The Yellow House
Martin Gayford
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Buy *The Yellow House: Van Gogh, Gauguin, and Nine Turbulent Weeks in Provence* by Martin Gayford online

The Yellow House: Van Gogh, Gauguin, and Nine Turbulent Weeks in Provence
Martin Gayford
352 pages
April 2008
rated 4 of 5 possible stars

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Drawing from extensive written correspondence, Martin Gayford provides a detailed account of the nine weeks Vincent Van Gogh and Paul Gauguin shared a house in the south of France. Van Gogh fans will remember this time in his life as the lead-up to cutting his own ear off and presenting it to a female neighbor.

Van Gogh and Gauguin were the odd couple of the art world – one volatile, the other calm. Gayford’s account is vibrant, shares an appreciation for both artists, and does not pander to the seedy underbelly of artists who frequent houses of ill repute and enjoy a drink. While reporting on the facts – or at least what is best known from letters and records of the time – Gayford also uncovers the influence the artists had on each other, as well as the influence of local arts, literature, news and the people of Arles.

Both artists worked voraciously despite any personality conflicts, and both produced some of their most enduring work in these nine weeks, including the paintings of and around the famed yellow house and its décor.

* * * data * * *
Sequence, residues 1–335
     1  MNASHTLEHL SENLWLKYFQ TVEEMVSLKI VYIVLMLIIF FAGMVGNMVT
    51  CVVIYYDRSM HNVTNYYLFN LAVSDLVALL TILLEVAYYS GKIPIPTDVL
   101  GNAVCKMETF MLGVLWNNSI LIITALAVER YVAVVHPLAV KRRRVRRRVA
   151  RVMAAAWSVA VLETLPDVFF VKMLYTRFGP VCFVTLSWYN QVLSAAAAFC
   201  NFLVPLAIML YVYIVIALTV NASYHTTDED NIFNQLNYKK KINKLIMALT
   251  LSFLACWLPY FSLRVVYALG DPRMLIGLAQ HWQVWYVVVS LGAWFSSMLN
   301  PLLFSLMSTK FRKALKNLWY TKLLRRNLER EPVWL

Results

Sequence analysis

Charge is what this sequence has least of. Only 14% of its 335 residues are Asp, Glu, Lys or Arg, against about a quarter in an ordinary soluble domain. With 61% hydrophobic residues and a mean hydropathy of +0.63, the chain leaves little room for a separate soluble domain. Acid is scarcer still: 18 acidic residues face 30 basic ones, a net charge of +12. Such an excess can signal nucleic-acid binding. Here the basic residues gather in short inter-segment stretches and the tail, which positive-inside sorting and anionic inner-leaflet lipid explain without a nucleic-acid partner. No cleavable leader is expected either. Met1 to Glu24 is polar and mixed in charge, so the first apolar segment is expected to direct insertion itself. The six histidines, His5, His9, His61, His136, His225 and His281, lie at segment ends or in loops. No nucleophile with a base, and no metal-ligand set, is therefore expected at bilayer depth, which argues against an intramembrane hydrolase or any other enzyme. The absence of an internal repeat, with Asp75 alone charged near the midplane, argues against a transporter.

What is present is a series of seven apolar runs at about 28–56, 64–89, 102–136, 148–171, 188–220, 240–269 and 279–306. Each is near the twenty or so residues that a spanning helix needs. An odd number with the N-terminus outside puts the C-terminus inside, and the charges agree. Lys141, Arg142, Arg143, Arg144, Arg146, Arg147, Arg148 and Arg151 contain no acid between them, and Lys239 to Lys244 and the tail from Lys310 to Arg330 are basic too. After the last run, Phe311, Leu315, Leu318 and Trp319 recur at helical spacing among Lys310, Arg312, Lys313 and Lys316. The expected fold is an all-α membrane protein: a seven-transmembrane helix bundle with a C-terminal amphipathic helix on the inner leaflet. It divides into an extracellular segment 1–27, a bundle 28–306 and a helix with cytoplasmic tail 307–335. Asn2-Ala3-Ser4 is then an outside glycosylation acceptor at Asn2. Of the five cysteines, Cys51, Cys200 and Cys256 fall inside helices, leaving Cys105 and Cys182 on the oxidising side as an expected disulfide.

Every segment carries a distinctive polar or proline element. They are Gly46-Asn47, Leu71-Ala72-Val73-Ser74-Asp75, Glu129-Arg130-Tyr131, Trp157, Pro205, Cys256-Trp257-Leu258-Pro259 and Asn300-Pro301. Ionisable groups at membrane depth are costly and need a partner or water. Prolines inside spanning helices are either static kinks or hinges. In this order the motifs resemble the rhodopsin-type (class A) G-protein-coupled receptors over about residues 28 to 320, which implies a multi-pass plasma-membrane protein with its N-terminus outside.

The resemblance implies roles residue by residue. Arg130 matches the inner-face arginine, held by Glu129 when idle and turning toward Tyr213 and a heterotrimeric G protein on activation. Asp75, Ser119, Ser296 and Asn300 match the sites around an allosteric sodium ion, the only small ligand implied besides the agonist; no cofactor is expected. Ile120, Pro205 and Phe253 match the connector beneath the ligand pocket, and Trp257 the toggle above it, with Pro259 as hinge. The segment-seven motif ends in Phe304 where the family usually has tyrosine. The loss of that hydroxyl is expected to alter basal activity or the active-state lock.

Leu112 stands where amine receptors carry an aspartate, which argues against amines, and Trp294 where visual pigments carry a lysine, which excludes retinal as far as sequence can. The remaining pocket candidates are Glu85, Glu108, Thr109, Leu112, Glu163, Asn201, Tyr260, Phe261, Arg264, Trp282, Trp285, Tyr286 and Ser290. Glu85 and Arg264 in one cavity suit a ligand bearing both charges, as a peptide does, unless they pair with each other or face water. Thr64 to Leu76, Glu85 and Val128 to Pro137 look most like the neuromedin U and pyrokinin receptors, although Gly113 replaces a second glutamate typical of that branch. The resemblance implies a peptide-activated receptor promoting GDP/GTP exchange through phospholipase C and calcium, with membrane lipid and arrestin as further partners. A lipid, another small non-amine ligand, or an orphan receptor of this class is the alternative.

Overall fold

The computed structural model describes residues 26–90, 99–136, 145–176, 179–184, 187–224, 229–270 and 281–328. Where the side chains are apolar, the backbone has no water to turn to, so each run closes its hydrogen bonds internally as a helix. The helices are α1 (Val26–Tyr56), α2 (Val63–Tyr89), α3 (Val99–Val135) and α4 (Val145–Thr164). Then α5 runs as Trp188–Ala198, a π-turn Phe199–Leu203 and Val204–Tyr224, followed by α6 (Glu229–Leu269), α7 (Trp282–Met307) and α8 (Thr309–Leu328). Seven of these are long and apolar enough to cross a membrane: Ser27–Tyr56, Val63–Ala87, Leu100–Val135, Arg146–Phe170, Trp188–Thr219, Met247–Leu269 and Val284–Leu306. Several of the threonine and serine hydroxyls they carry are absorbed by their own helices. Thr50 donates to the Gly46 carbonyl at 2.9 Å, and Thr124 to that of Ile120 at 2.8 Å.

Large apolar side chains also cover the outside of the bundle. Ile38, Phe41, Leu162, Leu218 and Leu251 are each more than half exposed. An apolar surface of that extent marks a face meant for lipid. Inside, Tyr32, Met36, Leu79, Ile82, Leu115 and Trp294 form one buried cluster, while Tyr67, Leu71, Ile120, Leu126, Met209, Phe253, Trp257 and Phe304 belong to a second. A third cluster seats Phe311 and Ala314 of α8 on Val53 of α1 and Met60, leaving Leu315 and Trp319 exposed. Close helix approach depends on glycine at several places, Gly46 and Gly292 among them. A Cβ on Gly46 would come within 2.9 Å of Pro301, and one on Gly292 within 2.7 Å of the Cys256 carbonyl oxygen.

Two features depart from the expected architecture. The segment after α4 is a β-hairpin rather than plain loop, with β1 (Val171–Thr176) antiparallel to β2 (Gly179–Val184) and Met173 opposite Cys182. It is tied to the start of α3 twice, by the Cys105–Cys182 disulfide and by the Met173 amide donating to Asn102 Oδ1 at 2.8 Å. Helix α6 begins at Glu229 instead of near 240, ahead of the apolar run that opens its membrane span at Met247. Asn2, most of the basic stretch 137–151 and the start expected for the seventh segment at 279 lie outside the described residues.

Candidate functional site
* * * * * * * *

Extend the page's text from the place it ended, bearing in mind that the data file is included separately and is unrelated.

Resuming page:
The constant undercurrent and eventual monster of the book is Van Gogh’s mental state. He likely had a bipolar disorder that was a heavy burden on his relationships. He also suffered from digestive problems that gave him great pain. Van Gogh explained his manic energy as electricity – an electric current that spiked his mood, discussion and paintings. People around Van Gogh found his electricity abrasive and would avoid discussions with him. Near the end of their relationship, Gauguin would forfeit arguments, a defensive maneuver to save himself the grief.

The story of Van Gogh cutting off his ear is one of art history’s best-known legends. Gayford attempts to make a reasonable argument behind Van Gogh’s actions. This is Gayford’s best strength in writing. He has been able to turn two legendary art figures into people - simple artists who were reading, listening and soaking up everything around them, then taking it to their canvases.

Originally published on Curled Up With A Good Book at © Zane Ewton, 2008

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